LOS ANGELES — After the September 11 attacks in 2001, the Emmys went on — delayed and subdued. Last night it was the Tony Awards’ turn to confront real-life tragedy bumping into red carpet banality.
Organizers of Sunday’s Tonys, held the same day 50 people were killed, and dozens more injured, in the horrific mass shooting in Orlando, dedicated the event to the victims.
CBS late-night host James Corden soberly introduced the telecast as “a symbol and a celebration” of the inclusiveness that theater represents.
There were expressions of support from winners. Frank Langella described the day’s events as “a hideous dose of reality.” and Jessica Lange allowed that her Tony “fills me with such happiness even on such a sad day as this.”
Lin-Manuel Miranda of “Hamilton” delivered a tearful sonnet, referring to “senseless acts of tragedy.”
Even with the proper deference, there’s no escaping the self-congratulatory nature of an awards show.
Simply put, award telecasts aren’t designed to comfortably coexist with that kind of news.
Acceptance speeches, customarily devoted to thanking agents and colleagues, don’t easily shift gears to reflect real world concerns without inviting ridicule and partisan blowback. Parsing the Oscars for examples of Hollywood liberalism has become an annual ritual.
Award shows are almost by definition superficial, devoted to a culture where celebrities command inordinate attention. When stars use their bully pulpits to register political messages, the response in some quadrants is invariably summed up by the Dixie Chicks’ lyric, “Shut up and sing.”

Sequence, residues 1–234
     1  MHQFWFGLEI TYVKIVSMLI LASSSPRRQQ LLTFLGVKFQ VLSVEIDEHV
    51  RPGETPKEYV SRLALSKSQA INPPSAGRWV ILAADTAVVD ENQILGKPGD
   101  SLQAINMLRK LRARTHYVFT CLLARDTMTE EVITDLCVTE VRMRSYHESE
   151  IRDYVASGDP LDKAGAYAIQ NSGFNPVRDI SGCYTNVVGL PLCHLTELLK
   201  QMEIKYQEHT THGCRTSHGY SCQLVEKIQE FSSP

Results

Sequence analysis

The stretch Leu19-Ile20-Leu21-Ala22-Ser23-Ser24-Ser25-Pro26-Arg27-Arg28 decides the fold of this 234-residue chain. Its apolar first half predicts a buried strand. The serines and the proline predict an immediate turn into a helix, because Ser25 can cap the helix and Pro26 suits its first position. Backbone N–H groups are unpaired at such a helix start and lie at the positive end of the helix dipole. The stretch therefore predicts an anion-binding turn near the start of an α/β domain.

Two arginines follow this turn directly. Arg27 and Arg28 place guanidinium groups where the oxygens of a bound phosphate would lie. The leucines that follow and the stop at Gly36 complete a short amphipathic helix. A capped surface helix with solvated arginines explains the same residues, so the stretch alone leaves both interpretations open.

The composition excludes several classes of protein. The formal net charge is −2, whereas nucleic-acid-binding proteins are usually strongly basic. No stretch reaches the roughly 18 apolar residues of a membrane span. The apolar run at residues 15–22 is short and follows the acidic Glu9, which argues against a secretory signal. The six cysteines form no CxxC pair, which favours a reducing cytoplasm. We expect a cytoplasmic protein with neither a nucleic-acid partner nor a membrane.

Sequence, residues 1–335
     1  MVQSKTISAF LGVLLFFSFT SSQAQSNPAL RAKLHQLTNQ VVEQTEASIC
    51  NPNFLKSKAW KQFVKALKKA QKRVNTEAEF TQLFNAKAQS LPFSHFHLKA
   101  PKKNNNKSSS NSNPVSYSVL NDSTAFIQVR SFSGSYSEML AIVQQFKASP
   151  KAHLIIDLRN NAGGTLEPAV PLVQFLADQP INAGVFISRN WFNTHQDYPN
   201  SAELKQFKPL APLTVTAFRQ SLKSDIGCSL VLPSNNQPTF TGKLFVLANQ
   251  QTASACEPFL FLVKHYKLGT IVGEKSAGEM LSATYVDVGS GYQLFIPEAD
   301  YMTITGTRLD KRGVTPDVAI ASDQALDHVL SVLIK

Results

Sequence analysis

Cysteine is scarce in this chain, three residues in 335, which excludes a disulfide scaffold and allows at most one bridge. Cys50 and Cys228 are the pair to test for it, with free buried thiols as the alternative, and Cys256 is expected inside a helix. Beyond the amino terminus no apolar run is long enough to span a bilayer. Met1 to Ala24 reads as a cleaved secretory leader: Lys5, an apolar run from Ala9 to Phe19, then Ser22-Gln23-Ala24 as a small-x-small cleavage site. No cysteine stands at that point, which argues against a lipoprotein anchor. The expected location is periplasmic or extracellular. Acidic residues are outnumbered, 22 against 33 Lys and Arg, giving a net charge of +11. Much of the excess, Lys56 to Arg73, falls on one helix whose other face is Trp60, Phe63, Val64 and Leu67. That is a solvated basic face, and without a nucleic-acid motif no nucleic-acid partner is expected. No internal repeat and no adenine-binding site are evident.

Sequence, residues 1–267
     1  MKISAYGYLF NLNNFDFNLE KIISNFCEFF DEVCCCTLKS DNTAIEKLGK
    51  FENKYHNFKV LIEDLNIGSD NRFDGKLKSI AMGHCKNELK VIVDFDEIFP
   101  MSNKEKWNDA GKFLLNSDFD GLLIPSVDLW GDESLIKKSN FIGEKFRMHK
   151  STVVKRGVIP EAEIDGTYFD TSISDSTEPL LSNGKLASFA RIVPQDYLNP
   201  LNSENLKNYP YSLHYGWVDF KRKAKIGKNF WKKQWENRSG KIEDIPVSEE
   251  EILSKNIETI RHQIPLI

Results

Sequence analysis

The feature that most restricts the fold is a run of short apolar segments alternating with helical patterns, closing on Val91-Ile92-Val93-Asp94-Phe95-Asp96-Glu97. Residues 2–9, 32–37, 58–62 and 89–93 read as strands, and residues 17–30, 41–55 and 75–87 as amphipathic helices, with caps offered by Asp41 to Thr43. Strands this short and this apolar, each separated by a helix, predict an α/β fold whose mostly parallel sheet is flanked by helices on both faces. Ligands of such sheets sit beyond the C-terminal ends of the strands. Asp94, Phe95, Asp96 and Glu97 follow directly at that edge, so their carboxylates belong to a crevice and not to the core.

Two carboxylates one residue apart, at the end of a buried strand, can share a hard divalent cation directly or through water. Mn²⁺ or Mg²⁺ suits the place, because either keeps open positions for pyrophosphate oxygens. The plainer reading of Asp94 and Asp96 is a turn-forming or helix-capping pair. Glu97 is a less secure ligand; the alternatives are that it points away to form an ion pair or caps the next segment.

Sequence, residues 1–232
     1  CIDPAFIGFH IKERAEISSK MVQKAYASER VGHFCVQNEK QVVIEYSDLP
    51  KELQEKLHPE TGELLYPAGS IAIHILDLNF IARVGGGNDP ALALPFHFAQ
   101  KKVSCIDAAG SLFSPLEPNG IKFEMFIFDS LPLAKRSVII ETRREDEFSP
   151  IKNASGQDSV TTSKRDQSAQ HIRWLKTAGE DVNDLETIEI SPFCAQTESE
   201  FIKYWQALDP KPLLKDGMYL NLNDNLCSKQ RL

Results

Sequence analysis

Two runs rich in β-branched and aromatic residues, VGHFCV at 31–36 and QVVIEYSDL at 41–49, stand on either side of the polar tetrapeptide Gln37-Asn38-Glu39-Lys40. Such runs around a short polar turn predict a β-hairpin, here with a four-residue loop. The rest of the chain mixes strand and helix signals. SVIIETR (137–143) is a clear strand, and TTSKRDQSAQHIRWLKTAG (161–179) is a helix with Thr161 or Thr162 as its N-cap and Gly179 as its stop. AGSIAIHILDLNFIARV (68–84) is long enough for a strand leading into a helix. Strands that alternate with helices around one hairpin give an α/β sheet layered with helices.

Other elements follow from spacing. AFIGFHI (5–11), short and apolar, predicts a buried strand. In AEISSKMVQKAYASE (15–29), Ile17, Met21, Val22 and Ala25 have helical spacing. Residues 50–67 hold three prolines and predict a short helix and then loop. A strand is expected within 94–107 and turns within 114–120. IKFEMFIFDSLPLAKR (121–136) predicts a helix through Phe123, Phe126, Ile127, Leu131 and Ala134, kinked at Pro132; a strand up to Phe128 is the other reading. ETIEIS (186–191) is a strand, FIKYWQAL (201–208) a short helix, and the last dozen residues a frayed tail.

Yet seeing the abundant talent on display Sunday, the Tonys mostly felt like a welcome, life affirming tonic from the day’s emotional toll. For many sports fans, Pittsburgh’s Stanley Cup victory likely had much the same effect.
There’s no textbook for these situations. The Emmys were postponed. The Oscars were pushed back several days in 1981, after President Reagan was shot.
Inevitably, though, the show goes on, often accompanied by some soul-searching.
“It’s hard to even know what to do in the wake of an event like this,” John Oliver said Sunday in opening his HBO series, “Last Week Tonight.”
When people were questioning 9/11’s impact on pop culture in the immediate aftermath, author Haynes Johnson told “Nightline” days after the attacks that society would soon “go back to our delights and diversions.”
Art can entertain and educate, Barbra Streisand said in presenting the Tony for best musical on Sunday night, “and at times like these, console us.”
Johnson’s prediction looked prescient in the wake of too many tragedies. But it doesn’t make the juxtaposition of such events less awkward, the proper balance less elusive, or the need for entertainment, escape and consolation any less acute.